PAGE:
As Newsweek actually reminds us, Bauerlein’s allegation has been around since the time of the Ancient Greeks, when the equivalent grumpy old men were bemoaning young upstarts.
Having spent many hours marking first year undergraduate exam papers last month, I would certainly support criticism of writing abilities, as evidently many candidates have not been taught the basics of English (all together now, i before e, except after c).
But to label an entire generation as dumb, is just conspicuously unintelligent or stupid. As Newsweek points out: “if dumb means lacking such fundamental cognitive capacities as the ability to think critically and logically, to analyze an argument, to learn and remember, to see analogies, to distinguish fact from opinion … well, here Bauerlein is on shakier ground.”
My disappointment in working with so called Digital Natives, is that those currently at University often haven’t grasped the real potential of technology to enhance their learning experience.
We cannot blame the tools because users make poor use of them. For example, the ability to read original journal articles online (from the comfort of your own PC) is a great advantage. I consider those who use it to cut and paste or plagiarise are dumb – but they might argue they’re being smart if that enables them to pass courses easily. In which case it is the tutors who facilitate this type of lazy studies who need to rethink how best to assess the skills expected and required of today’s generation.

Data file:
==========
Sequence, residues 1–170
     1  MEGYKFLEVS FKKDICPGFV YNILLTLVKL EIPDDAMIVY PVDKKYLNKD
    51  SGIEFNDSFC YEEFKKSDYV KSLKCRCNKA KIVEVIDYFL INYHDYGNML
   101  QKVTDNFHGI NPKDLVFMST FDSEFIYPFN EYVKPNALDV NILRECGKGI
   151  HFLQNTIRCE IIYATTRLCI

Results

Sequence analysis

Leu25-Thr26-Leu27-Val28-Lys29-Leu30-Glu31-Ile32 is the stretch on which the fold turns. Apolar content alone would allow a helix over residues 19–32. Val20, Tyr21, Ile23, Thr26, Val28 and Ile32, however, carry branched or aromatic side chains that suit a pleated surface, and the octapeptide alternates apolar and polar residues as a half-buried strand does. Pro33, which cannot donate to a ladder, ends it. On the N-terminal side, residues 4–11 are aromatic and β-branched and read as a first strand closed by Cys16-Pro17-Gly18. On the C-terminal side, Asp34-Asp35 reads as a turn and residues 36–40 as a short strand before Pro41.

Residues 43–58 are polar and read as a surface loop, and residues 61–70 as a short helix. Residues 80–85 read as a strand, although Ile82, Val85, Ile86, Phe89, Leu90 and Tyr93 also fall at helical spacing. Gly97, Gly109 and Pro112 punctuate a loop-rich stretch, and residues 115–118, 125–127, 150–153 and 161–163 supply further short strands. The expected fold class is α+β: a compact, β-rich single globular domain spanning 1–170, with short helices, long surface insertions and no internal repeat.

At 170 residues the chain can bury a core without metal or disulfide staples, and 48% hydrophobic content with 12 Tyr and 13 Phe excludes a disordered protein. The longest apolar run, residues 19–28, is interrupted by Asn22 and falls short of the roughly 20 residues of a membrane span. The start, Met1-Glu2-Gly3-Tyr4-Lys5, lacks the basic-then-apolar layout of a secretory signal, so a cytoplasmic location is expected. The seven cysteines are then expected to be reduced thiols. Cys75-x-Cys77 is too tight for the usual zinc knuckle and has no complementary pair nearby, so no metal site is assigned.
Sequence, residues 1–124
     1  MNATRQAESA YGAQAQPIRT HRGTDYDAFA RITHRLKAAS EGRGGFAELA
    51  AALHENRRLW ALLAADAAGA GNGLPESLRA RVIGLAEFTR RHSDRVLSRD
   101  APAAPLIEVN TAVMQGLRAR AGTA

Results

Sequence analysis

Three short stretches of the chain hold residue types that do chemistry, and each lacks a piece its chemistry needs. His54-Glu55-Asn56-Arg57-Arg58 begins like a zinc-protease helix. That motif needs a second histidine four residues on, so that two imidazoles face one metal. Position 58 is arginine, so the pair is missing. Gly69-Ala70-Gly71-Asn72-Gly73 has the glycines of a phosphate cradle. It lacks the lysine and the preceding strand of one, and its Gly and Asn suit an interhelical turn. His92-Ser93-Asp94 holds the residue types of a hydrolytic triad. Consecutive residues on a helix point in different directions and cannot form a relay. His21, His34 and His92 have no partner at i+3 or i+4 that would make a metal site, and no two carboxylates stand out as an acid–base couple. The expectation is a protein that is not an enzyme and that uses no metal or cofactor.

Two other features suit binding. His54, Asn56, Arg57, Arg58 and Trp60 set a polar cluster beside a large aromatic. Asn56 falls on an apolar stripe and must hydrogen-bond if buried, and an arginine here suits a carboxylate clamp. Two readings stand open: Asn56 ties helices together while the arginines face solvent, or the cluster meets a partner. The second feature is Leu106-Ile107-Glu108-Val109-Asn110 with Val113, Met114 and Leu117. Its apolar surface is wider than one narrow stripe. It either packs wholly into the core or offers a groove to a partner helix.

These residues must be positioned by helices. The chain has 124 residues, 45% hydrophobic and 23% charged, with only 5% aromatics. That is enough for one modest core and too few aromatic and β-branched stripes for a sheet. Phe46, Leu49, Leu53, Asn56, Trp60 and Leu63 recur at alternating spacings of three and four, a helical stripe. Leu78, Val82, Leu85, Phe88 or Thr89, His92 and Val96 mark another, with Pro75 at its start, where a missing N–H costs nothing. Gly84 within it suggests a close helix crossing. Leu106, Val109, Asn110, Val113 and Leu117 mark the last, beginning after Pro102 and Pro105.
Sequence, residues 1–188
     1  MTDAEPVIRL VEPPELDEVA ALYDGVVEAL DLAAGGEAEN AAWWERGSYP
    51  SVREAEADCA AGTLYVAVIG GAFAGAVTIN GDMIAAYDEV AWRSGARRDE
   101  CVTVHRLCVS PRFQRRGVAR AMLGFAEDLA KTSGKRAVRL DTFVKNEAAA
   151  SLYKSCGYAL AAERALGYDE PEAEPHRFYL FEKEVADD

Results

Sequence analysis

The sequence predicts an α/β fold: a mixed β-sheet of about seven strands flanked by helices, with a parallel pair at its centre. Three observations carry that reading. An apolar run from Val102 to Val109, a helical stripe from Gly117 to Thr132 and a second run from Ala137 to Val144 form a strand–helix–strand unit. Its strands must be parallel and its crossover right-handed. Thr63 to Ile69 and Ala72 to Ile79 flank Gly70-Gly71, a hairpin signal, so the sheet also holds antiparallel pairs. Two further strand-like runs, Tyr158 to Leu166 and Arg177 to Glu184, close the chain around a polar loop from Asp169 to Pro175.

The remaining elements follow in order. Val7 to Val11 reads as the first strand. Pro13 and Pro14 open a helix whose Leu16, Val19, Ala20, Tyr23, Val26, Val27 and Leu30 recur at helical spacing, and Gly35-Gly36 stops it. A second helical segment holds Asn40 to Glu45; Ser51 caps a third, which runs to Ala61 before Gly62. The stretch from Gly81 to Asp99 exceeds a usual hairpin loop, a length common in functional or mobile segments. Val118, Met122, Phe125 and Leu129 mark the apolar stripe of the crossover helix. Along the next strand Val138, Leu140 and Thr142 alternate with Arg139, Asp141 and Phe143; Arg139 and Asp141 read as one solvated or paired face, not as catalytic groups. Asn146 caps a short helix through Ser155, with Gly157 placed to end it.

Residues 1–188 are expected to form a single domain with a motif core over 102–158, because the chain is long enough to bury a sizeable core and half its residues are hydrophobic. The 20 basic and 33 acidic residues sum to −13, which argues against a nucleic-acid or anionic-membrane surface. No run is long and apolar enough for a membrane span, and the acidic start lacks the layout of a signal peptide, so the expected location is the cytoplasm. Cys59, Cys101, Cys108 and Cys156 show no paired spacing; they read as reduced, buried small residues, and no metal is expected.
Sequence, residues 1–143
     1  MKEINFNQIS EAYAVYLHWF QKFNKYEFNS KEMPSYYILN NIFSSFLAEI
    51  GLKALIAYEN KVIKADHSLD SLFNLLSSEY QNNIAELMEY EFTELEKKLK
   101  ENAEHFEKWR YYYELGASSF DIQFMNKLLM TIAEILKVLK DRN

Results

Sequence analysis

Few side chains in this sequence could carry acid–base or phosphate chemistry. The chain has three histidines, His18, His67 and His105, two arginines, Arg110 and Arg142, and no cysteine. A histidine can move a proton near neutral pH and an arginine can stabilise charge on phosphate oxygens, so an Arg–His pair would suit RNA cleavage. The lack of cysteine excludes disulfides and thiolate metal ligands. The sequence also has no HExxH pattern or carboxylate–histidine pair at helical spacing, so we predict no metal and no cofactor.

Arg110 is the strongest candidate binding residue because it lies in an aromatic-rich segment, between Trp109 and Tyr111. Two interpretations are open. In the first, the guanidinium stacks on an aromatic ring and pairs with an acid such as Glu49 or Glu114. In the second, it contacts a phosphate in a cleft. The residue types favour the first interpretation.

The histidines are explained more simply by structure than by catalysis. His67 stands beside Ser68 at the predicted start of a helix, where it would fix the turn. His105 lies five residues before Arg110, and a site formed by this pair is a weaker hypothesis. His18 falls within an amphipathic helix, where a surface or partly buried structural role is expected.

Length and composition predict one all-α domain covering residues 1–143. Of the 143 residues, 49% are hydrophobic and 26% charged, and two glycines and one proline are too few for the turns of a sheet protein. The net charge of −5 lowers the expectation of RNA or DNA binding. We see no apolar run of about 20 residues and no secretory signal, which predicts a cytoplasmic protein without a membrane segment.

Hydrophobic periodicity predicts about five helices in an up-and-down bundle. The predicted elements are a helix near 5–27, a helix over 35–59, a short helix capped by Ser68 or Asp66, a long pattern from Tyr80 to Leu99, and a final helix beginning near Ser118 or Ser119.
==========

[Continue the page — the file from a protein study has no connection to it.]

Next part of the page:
With the focus on students as consumers, who pay a small fortune to gain qualifications, no wonder they want the quick and easy option for passing. Why should they spend their time reading for the pleasure of expanding their knowledge or improving their writing abilities?
Those who are able to make an intelligent argument, demonstrating real understanding, often struggle to do this in writing or within the constraints of a 60 minute exam, where their ability to recall facts can let them down. But, shouldn’t those who are vocally articulate be rewarded over those who simply have a good memory? Not if we continue to test them with exams.
Shifting to assignments carries the risk of “cut and paste” answers – but not if you devise an assessment that requires application of higher order skills.
As so often proven in the modern world, the wrong measure encourages the wrong behaviour. Until we fail candidates for poor use of English, too many will continue to enter the workforce unable to spell or write to an acceptable standard.
At the same time, ensuring students are recognised and rewarded for wider reading, good writing and demonstrating contextual understanding, must be better than coaching them in a topic that is known to appear on an exam paper in order to guarantee 100% pass rate.